To comprehend the fragmentation of the O2 –• adducts of compounds that can undergo oxidative ionization, we also studied aminophenols because they form more stable superoxide radical-anion adducts than those of dihydroxybenzenes, and are easier to mass-isolate and fragment under collision-induced dissociation (CID) conditions (Fig. 6). Compounds such as o-aminophenol and p-aminophenol (Fig. 6a and c), which prefer oxidative ionization over deprotonation, also prefer to lose elements of hydrogen peroxide (34 Da) from their O2 –• adducts upon CID (Fig. 6d, f). In contrast, m-aminophenol prefers to deprotonate, so its O2 –• adduct only loses the HO-O radical (Fig. 6b, e). We further found that in the case of compounds such as the methoxyphenols, with only one labile hydrogen, only deprotonation occurs (Supplementary Figure S11). In addition, when the O2 –• adduct of a methoxyphenol fragments, O2 –• will abstract the only labile hydrogen available, and a HO-O radical loss will predominate (Supplementary Figure S11).
Figure 6

HePI mass spectra from samples of (a) 2-aminophenol, (b) 3-aminophenol, and (c) 4-aminophenol. Product-ion mass spectra at a collision energy of 5 eV of the O2 –• adduct from samples of (d) 2-aminophenol, (e) 3-aminophenol, and (f) 4-aminophenol recorded on a Waters Micromass Quattro Ultima triple quadrupole mass spectrometer

Conclusions

Certain phenolic compounds undergo oxidative ionization due to their interaction with the superoxide radical-anion generated in the atmospheric-pressure HePI and APCI sources. Under ESI conditions, oxidative ionization occurs only when the ion source has a certain degree of plasma character. One particular analyte, 1,4-hydroquinone, can be used to effectively gauge the degree of “plasmaticity” of an ion source. A contrast can be drawn between analytes that prefer to undergo oxidative ionization versus those that preferentially deprotonate: the former prefer to lose elements of hydrogen peroxide (34 Da) from their O2 –• adducts upon CID, whereas the latter preferentially lose a hydroperoxyl radical.

Notes

Acknowledgments

The authors thank Sathis Weerasinghe and Concorde Specialty Gases for providing the sulfur hexafluoride. They also thank Bristol-Myers Squibb Pharmaceutical Company (New Brunswick, NJ) for the donation of the Waters Quattro Ultima mass spectrometer.

Supplementary material

13361_2016_1527_MOESM1_ESM.docx (4.6 mb)
ESM 1 (DOCX 4.61 mb)

References

  1. 1.
    Albert, A., Shelley, J.T., Engelhard, C.: Plasma-based ambient desorption/ionization mass spectrometry: state-of-the-art in qualitative and quantitative analysis. Anal. Bioanal. Chem. 406, 6111–6127 (2014)CrossRefGoogle Scholar
  2. 2.
    Gross, J.H.: Mass spectrometry: a textbook, 2nd edn. Springer Science and Business Media, Heidelberg (2011)CrossRefGoogle Scholar
  3. 3.
    Todd, J.F.J.: Recommendations for nomenclature and symbolism for mass spectroscopy including an appendix of terms used in vacuum technology. Int. J. Mass Spectrom. Ion Process. 142, 211–240 (1995)CrossRefGoogle Scholar
  4. 4.
    Elkin, Y.N., Zadorozhny, P.A., Koltsova, E.A., Pshenichnyuk, S.A., Vorob’ev, A.S., Asfandiarov, N.L.: Negative ion mass spectra of hydrophilic naphthoquinones. Anal. Chem. 68, 1162–1164 (2013)CrossRefGoogle Scholar
  5. 5.
    Zencak, Z., Oehme, M.: Chloride-enhanced atmospheric pressure chemical ionization mass spectrometry of polychlorinated n-alkanes. Rapid Commun. Mass Spectrom. 18, 2235–2240 (2004)CrossRefGoogle Scholar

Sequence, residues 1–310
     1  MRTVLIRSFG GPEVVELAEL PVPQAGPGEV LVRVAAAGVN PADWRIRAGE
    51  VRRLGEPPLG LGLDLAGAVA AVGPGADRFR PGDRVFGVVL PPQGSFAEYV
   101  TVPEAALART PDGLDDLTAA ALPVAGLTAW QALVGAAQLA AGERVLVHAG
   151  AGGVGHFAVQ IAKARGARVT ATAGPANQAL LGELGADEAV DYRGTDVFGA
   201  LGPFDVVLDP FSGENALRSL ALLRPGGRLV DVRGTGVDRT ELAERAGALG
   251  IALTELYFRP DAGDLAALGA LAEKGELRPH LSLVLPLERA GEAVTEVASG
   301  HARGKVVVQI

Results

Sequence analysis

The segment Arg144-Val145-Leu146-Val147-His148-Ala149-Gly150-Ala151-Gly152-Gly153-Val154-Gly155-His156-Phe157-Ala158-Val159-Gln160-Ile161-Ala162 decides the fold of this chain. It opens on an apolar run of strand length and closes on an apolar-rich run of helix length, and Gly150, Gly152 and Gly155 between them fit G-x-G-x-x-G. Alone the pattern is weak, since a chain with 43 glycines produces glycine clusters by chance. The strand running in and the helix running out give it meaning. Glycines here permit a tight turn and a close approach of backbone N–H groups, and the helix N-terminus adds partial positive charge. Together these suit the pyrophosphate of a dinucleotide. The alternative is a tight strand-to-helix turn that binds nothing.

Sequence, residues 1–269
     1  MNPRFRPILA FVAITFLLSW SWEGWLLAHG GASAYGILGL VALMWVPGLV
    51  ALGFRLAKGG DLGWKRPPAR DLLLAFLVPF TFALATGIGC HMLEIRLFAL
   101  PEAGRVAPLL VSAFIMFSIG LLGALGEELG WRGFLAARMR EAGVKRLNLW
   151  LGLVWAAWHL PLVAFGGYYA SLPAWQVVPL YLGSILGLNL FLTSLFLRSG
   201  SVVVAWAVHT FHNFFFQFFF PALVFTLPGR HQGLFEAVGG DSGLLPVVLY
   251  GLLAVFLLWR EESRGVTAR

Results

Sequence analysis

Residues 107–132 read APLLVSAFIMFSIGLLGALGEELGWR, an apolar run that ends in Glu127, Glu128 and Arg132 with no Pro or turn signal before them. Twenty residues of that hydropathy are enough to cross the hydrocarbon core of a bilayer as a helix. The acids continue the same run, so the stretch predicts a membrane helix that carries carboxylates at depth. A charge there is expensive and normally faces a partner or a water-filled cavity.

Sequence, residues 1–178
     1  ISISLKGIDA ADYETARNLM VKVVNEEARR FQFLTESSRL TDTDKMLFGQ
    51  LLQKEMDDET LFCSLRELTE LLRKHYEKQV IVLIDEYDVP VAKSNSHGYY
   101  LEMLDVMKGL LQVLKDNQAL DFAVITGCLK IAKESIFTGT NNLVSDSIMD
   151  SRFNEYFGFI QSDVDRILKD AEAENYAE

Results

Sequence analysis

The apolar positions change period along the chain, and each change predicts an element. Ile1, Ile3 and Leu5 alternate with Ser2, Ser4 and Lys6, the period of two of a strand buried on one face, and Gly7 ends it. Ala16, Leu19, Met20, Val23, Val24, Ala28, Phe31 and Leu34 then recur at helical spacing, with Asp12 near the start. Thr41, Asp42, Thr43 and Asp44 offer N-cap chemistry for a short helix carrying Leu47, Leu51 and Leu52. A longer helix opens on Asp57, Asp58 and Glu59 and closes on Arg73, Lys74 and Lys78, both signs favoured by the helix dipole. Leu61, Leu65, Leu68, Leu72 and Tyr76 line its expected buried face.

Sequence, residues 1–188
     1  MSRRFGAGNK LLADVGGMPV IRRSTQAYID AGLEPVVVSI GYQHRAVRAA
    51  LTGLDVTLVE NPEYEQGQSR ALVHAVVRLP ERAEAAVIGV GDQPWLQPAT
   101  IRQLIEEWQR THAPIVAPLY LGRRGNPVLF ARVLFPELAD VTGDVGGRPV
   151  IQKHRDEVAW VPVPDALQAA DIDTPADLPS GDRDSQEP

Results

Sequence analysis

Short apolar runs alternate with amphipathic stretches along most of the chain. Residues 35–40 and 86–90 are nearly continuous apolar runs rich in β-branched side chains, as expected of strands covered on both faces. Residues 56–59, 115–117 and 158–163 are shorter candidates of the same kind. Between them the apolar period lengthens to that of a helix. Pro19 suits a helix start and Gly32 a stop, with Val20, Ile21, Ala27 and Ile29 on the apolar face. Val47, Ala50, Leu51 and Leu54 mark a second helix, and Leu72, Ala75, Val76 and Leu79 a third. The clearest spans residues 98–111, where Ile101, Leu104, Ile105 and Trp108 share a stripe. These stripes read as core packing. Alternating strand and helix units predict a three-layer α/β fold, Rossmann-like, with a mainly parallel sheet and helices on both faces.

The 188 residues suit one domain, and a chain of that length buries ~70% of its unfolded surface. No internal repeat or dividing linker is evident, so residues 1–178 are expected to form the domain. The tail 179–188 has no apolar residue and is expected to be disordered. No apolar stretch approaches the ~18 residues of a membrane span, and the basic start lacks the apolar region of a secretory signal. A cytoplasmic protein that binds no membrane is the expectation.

6. 6.
    Tannenbaum, H.P., Roberts, J.D., Dougherty, R.C.: Negative chemical ionization mass spectrometry-chloride attachment spectra. Anal. Chem. 47, 49–54 (1975)CrossRefGoogle Scholar
  7. 7.
    Dougherty, R.C., Roberts, J.D., Biros, F.J.: Positive and negative chemical ionization mass spectra of some aromatic chlorinated pesticides. Anal. Chem. 47, 54–59 (1975)CrossRefGoogle Scholar
  8. 8.
    Van Berkel, G.V., Kertesz, V.: Using the electrochemistry of the electrospray ion source. Anal. Chem. 79, 5510–5520 (2007)CrossRefGoogle Scholar
  9. 9.
    Dayon, L., Roussel, C., Prudent, M., Lion, N., Girault, H.H.: On-line counting of cysteine residues in peptides during electrospray ionization by electrogenerated tags and their application to protein identification. Electrophoresis 26, 238–247 (2005)CrossRefGoogle Scholar
  10. 10.
    Roussel, C., Dayon, L., Lion, N., Rohner, T.C., Josserand, J., Rossier, J.S., Jensen, H., Girault, H.H.: Generation of mass tags by the inherent electrochemistry of electrospray for protein mass spectrometry. J. Am. Soc. Mass Spectrom. 15, 1767–1779 (2004)CrossRefGoogle Scholar
  11. 11.
    Plattner, S., Erb, R., Chervet, J., Oberacher, H.: Ascorbic acid for homogenous redox buffering in electrospray ionization-mass spectrometry. Anal. Bioanal. Chem. 404, 1571–1579 (2012)CrossRefGoogle Scholar
  12. 12.
    Pasilis, S.P., Kertesz, V., Van Berkel, G.J.: Unexpected analyte oxidation during desorption electrospray ionization-mass spectrometry. Anal. Chem. 80, 1208–1214 (2008)CrossRefGoogle Scholar
  13. 13.
    Benassi, M., Wu, C., Nefliu, M., Ifa, D.R., Volny, M., Cooks, R.G.: Redox transformations in desorption electrospray ionization. Int. J. Mass Spectrom. 280, 235–240 (2009)CrossRefGoogle Scholar
  14. 14.
    Yang, Z., Attygalle, A.B.: Aliphatic hydrocarbon spectra by helium ionization mass spectrometry (HIMS) on a modified atmospheric–pressure source designed for electrospray ionization. J. Am. Soc. Mass Spectrom. 22, 1395–1402 (2011)CrossRefGoogle Scholar
  15. 15.
    Yang, Z., Pavlov, J., Attygalle, A.B.: Quantification and remote detection of nitro explosives by helium plasma ionization mass spectrometry (HePI-MS) on a modified atmospheric-pressure source designed for electrospray ionization. J. Mass Spectrom. 47, 845–852 (2012)CrossRefGoogle Scholar